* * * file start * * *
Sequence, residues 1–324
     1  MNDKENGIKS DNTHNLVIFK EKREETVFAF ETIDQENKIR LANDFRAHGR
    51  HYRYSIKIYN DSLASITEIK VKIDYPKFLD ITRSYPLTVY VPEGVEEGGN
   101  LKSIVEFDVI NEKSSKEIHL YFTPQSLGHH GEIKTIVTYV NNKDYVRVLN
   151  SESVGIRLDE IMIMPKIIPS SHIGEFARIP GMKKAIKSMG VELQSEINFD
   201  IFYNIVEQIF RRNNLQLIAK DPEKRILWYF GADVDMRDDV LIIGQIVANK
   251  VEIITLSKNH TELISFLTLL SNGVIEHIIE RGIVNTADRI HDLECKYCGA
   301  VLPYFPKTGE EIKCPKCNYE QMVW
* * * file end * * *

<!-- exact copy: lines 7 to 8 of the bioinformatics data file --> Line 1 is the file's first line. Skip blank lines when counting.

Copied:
   251  VEIITLSKNH TELISFLTLL SNGVIEHIIE RGIVNTADRI HDLECKYCGA
   301  VLPYFPKTGE EIKCPKCNYE QMVW